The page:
Larger hip circumference independently contributed to reduced metabolic risks in Tehranian adult women.Int J Cardiol. 2006 Apr 14; 108(3):338-45.IJ
It has been suggested that health professionals may discard measurement of hip circumference from public health screening efforts. Before discarding the hip circumference in epidemiological surveys, it is important to consider whether any important information is likely to be lost.
To evaluate the relationship between hip circumference and metabolic risk factors in an urban adult population of Tehranian women.
In this population-based cross-sectional study, a representative sample of 5720 women aged 18-74 years, were included. Demographic data was collected; anthropometric indices and blood pressure were measured according to standard protocol. Hypertension was defined based on Joint National Committee VI (JNC VI). Biochemical analysis was conducted on fasting blood samples. Diabetes was defined as fasting plasma glucose (FPG) > or =126 mg/dl or 2-h plasma glucose (2hPG) > or =200 mg/dl. Lipid disorders and components of metabolic syndrome were considered based on Adult Treatment Panel III (ATP III).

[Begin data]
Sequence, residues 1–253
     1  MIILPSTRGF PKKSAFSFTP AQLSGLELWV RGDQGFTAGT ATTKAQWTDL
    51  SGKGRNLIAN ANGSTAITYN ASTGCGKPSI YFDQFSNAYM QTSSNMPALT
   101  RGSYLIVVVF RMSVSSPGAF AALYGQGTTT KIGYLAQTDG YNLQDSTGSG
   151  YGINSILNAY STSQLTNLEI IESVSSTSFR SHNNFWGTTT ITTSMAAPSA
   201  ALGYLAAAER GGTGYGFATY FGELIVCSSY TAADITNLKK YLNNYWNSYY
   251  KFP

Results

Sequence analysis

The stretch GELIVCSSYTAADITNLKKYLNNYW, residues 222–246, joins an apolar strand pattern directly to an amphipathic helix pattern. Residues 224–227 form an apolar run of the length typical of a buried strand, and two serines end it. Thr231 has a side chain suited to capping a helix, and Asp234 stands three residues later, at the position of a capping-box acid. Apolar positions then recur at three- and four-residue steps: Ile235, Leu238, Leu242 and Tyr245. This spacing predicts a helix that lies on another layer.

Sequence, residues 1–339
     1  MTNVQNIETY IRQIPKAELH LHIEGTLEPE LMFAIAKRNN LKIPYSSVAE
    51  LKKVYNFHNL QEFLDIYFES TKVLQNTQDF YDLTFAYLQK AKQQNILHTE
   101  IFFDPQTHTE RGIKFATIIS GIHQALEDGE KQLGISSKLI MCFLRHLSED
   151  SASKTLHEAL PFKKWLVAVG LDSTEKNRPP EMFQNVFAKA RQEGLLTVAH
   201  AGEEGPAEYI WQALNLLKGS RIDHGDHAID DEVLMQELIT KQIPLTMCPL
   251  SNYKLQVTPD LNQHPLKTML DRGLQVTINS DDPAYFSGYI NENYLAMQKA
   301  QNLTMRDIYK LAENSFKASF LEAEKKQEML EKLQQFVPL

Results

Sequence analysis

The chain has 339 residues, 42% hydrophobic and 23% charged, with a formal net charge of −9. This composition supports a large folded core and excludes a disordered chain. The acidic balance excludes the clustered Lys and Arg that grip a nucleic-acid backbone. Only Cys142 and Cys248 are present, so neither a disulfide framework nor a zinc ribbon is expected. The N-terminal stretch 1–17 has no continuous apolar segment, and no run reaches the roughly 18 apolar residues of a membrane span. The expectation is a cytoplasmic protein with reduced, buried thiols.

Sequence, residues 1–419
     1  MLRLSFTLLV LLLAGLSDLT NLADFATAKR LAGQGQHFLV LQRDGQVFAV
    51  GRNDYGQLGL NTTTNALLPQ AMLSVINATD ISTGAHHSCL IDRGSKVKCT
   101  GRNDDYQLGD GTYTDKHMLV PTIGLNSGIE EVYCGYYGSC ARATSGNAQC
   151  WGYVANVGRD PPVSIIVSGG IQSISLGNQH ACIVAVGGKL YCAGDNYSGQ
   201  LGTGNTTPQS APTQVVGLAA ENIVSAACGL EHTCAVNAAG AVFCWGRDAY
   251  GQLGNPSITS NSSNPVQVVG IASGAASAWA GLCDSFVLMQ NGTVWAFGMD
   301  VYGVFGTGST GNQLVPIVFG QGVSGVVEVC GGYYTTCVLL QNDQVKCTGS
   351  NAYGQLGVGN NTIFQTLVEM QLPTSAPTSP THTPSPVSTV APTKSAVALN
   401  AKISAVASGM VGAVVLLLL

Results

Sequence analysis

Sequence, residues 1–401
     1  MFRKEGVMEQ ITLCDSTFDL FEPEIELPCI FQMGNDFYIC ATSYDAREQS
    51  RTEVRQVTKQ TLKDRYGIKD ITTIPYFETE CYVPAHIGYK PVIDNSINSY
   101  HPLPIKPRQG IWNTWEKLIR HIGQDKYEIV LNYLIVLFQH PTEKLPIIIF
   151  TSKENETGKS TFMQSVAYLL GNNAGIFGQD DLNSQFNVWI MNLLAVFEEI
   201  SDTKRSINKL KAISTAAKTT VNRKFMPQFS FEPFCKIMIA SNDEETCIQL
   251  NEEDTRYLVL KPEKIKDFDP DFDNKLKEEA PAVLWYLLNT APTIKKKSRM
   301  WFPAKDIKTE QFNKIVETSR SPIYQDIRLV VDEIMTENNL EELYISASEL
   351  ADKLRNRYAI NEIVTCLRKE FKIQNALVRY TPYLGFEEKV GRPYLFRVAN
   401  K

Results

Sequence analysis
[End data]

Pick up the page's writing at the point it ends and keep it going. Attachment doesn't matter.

Mean age of women was 39.9+/-14.6 years. Mean body mass index, waist-to-hip ratio, waist and hip circumferences for subjects were 27.1+/-5.1 kg/m2, 0.83+/-0.08, 86.5+/-13.1 cm and 103.5+/-9.8 cm, respectively. Higher hip circumference was associated with lower levels of serum total- and LDL-cholesterol, serum triglyceride, fasting plasma glucose, 2-h plasma glucose, systolic and diastolic blood pressure. Subjects in the top quintile of hip circumference had higher values of serum HDL-cholesterol concentration compared to those in the lower category. After adjustment for potential confounding variables and anthropometric measures associated with higher hip circumference, a significant decreasing trend was observed for odds of having high LDL-cholesterol (odds ratios among quintiles: 1.00, 0.98, 0.97, 0.95, 0.84, respectively, P for trend=0.04), diabetes (1.00, 0.68, 0.58, 0.45, 0.42, P for trend=0.01), hypertension (1.00, 0.96, 0.82, 0.78, 0.70, P for trend 0.02), low serum HDL-cholesterol (1.00, 1.03, 0.86, 0.82, 0.56, P for trend=0.04), elevated blood pressure (1.00, 0.99, 0.82, 0.70, 0.61, P for trend=0.01) and abnormal glucose homeostasis (1.00, 0.69, 0.66, 0.54, 0.48, P for trend=0.01) among hip circumference quintile categories. Individuals in the upper category of hip circumference had lower odds of having hypercholestrolemia (0.86 vs. 1.00) and high serum triglyceride levels (0.74 vs. 1.00) compared to those in the lowest category.
Hip circumference is independently and inversely associated with metabolic risk factors. This study underscores the importance of continuing to measure hip circumference in epidemiologic surveys in Tehranian adult women.